A wave of direct action against the Trans Mountain pipeline expansion project — led in particular by Indigenous land defenders — has been growing in B.C.’s Lower Mainland in the past few weeks.
Most recently, around 50 Indigenous land defenders and climate activists marched for 5 km from the TMX construction site to the Watch House’s site on March 10. Three years ago on that day, Indigenous groups launched the Watch House near the Burnaby Mountain tank farm to monitor work being done on the project.
More people later joined at the destination, bringing the number of attendants above 100.
“I’m honoured to have this many people standing safe together and they have the same concerns as we do: the threat of this pipeline coming here,” Will George, a member of the Tsleil-Waututh Nation who has been a leader in the movement and the Watch House’s guardian, told Ricochet.
“These people are really heartfelt.”
Organizers added that the march and the gathering were also about uplifting spirits, as they noted the long road ahead in the fight against TMX.
“We wanted it to be empowering,” Roxanne Charles-George, a Semiahmoo First Nation member, organizer and wife of Will George, said in a speech. “We wanted it to touch each and every one of you because we've got quite a bit ahead of us.”
With Keystone XL’s cancellation in January, the federal government has pivoted to put more focus on completing the TMX project, which would almost triple the current pipeline’s delivery capacity and lead to a seven-fold increase in oil tanker traffic.
Ottawa owns TMX, having bought it in 2018 from Kinder Morgan for $4.5 billion — though the government plans to sell it back to the private sector once the project is completed. Since that purchase, the project’s cost has ballooned to at least $12.6 billion, an estimate that Trans Mountain released in February 2020. But climate groups have pointed out that this figure was released months before the company had to undergo a weeks-long project-wide work stoppage because of concerns around a worker’s death and a worker’s serious injuries.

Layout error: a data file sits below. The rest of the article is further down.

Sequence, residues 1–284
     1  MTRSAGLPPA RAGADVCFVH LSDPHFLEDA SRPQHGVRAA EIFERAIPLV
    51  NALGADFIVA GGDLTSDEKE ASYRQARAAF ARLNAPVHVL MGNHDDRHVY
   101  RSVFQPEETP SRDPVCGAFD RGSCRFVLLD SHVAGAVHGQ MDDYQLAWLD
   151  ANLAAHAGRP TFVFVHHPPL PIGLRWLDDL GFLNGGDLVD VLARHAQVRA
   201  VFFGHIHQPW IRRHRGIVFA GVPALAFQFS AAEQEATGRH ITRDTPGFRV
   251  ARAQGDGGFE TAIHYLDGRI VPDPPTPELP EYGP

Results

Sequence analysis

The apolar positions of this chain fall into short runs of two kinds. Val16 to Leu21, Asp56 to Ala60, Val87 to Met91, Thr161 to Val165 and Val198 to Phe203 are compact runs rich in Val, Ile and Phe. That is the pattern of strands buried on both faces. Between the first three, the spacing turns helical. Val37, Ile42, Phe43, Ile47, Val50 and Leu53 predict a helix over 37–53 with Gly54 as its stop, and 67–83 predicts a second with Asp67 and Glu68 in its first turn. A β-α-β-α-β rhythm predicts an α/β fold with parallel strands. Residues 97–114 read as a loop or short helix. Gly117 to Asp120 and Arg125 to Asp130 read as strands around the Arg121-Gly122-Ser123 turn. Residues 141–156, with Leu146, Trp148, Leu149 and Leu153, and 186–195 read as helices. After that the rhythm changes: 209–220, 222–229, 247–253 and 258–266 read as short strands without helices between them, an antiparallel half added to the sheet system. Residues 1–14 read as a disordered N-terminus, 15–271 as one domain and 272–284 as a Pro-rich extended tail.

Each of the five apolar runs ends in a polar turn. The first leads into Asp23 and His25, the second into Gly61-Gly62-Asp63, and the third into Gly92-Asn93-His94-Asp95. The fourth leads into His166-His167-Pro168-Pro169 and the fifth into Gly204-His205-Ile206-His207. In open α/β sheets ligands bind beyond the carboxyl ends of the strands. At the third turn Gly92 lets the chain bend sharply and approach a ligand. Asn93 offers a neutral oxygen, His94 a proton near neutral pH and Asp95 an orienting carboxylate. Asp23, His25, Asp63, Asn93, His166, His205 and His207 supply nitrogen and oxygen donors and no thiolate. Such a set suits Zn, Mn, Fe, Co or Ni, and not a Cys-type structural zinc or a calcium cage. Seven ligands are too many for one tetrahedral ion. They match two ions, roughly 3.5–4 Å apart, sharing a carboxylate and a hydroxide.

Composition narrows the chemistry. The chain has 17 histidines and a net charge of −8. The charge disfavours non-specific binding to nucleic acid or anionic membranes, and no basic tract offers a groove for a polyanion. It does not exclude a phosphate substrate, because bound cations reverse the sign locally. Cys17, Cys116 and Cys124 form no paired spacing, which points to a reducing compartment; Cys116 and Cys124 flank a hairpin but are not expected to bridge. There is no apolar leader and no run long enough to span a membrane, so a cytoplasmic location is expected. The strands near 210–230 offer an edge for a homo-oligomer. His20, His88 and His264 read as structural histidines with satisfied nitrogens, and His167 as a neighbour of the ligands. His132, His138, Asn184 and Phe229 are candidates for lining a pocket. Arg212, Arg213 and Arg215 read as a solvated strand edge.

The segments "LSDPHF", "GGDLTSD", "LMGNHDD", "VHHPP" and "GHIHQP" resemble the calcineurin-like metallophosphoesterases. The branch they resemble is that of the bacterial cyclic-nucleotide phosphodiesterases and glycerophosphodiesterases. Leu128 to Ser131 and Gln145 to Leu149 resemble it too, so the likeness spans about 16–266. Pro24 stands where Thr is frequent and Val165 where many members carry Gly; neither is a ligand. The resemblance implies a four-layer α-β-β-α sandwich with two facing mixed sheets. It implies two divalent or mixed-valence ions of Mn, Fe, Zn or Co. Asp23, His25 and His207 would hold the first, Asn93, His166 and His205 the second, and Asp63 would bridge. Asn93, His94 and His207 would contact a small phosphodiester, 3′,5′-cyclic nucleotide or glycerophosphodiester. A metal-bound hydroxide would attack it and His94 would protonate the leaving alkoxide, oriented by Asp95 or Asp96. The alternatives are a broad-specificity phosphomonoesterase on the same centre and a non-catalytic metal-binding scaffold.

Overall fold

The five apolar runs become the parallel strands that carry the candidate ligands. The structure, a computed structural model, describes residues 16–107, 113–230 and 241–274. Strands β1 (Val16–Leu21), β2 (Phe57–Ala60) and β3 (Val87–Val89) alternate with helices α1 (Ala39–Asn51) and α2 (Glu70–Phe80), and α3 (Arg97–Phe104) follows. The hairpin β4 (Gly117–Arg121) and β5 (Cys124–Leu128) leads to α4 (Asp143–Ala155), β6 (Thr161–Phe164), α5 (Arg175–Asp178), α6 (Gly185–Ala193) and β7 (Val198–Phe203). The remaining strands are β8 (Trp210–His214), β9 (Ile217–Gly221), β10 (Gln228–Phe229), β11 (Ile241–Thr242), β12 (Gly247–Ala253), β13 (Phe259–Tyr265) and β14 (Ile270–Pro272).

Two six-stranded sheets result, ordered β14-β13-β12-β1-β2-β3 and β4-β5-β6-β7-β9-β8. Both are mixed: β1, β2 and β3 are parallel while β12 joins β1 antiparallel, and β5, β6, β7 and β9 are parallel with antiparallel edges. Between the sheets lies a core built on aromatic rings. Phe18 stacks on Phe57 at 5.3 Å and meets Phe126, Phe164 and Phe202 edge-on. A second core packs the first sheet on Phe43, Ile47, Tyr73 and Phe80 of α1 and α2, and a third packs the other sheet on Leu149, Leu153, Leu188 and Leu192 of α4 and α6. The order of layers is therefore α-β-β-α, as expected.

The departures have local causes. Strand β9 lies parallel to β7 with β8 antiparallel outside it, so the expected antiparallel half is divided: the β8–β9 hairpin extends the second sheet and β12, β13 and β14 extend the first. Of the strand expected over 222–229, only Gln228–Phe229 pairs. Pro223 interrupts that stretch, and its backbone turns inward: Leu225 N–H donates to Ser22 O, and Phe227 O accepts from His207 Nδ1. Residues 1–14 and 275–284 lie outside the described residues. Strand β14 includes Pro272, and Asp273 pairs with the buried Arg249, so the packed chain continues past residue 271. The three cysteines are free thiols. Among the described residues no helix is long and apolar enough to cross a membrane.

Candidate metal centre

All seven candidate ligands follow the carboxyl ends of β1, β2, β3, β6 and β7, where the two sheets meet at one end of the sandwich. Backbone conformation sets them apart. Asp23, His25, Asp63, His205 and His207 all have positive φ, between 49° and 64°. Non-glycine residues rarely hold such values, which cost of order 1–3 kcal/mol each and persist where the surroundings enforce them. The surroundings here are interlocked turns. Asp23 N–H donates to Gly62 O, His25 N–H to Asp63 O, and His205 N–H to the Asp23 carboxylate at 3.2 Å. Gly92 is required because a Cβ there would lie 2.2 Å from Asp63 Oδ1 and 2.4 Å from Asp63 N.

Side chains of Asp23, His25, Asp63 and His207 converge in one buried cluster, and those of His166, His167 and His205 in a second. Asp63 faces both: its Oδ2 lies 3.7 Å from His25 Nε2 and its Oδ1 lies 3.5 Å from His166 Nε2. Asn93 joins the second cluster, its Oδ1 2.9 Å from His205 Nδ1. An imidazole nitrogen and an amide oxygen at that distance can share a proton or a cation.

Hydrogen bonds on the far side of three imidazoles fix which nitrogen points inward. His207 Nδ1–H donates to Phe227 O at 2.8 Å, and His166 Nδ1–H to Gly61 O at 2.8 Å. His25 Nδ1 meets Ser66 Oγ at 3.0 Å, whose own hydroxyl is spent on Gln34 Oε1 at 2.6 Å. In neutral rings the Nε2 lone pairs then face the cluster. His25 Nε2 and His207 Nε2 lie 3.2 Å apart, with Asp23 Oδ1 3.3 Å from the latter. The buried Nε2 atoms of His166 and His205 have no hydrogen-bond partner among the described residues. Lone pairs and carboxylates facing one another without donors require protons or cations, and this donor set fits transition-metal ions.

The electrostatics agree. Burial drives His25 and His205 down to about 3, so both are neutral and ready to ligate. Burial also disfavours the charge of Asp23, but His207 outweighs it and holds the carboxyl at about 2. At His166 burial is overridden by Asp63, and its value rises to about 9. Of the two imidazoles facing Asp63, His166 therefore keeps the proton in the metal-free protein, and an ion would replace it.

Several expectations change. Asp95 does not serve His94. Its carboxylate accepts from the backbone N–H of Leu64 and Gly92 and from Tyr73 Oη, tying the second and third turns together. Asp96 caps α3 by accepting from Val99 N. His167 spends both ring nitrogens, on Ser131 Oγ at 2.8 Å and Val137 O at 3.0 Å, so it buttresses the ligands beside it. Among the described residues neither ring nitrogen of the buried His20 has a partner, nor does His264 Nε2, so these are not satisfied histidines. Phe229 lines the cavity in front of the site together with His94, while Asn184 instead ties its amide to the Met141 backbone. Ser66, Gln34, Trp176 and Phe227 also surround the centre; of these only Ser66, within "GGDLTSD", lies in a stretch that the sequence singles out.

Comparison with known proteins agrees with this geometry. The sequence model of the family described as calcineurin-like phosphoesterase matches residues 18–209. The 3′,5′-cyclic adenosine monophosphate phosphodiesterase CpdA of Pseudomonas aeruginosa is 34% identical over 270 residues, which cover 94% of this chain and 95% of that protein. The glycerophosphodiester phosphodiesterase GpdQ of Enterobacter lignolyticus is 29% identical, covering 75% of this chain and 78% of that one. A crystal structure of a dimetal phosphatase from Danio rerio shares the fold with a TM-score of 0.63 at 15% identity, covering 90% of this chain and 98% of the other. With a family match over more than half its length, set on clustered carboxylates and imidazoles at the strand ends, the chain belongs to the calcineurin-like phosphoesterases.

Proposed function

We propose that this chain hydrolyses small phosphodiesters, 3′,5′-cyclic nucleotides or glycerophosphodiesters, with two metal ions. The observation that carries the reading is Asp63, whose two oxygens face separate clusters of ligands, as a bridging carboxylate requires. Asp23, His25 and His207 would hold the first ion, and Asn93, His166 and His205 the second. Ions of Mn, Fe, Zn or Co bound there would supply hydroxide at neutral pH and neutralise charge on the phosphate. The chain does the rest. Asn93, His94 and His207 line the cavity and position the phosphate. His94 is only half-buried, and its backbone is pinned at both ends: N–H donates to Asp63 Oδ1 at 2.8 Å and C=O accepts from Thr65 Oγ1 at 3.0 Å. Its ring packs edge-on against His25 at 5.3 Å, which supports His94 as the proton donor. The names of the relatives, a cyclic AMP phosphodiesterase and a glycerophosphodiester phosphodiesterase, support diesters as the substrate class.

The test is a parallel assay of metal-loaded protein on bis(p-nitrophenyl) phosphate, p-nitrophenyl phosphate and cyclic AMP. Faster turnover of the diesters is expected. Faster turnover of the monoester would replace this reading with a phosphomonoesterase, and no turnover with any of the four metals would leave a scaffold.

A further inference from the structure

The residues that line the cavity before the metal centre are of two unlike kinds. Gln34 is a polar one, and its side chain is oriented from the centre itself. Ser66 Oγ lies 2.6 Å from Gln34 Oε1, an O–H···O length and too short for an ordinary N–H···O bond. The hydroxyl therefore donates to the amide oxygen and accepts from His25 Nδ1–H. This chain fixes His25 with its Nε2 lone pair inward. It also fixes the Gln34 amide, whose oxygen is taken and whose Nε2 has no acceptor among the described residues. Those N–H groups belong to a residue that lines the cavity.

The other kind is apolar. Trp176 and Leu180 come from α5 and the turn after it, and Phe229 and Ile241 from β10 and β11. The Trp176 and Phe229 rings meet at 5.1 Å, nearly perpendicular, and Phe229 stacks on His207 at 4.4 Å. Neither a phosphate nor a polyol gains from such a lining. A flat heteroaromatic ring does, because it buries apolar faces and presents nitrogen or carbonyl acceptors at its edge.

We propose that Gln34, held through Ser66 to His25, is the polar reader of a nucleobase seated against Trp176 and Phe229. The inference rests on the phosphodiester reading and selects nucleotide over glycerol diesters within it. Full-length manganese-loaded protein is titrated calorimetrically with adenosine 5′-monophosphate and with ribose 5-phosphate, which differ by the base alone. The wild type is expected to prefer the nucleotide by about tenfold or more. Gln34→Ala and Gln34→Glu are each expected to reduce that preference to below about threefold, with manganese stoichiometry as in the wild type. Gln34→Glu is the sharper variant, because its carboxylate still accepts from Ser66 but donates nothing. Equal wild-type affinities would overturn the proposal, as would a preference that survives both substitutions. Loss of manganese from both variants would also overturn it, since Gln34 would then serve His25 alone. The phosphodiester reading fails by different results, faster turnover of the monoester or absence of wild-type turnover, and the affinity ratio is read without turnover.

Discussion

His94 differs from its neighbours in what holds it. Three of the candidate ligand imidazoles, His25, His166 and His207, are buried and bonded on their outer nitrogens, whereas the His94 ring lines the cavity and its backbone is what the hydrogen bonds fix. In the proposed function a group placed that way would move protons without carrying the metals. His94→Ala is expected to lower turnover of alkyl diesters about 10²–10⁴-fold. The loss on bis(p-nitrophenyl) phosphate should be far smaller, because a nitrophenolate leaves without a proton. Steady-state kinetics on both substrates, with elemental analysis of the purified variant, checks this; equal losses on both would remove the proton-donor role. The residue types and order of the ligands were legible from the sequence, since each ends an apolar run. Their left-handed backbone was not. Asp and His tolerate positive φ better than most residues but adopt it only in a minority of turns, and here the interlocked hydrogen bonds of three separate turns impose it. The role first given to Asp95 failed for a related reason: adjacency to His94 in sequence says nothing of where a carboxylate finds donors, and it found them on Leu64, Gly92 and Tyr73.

At the same time, organizers said they want the march and gathering to raise hope in the face of ongoing criminalization, incarceration and brutalization of Indigenous land defenders.
Earlier this month, the B.C. Supreme Court sentenced Indigenous land defender Stacy Gallagher to 90 days in jail for breaching an injunction against protests at TMX sites. Besides noting that Gallagher had remained peaceful, his supporters pointed out that his jail sentence undermines a new directive that says incarceration should be the “last resort” for Indigenous defendants charged with minor crime.
“We’re being criminalized on our own territories,” Charles-George told the crowd.
"The work that [Gallagher] does is meant to keep us safe, and he was arrested for smudging and drumming and singing and taking care of us.”
Gallagher’s sentence also prompted the Braided Warriors, a group of Indigenous youth from different communities focused on land defence, to hold a day-long peaceful blockade last week at a key intersection leading to Vancouver’s port. But by the evening of March 3, Vancouver police officers forcibly removed the blockade and arrested four individuals. They were released later that evening, but with orders to appear in court, according to Victoria News.
Four members of the Braided Warriors also faced violent arrests last month after they held a sit-in at the Vancouver headquarters of AIG Insurance, a TMX insurer. Online footage shows police officers forcibly removing individuals, including pulling one’s hair and throwing another to the ground. While the Vancouver Police Department told CBC the video doesn’t provide complete context, it also said the police conduct captured in the footage will be subjected to an internal review.
But Indigenous land defenders are not alone. Climate and multi-faith groups have also been protesting the project by marching, tree-sitting and holding prayer circles at the TMX construction site in Burnaby.
Looking ahead, George said it’s important for land defenders like him and his wife to take the fight back to their cultural roots.
“We pour so much into this movement and it's really exhausting, so now it's time for us to take care of ourselves culturally,” he said in an interview with Ricochet.
“That's how we did this three years ago, we started in our ceremonies and it's time to go back to that for now. The Tsleil-Waututh Nation spent years in court and lost at the highest court level. It’s incredibly difficult. It's a big fight we have, but we're strong people.”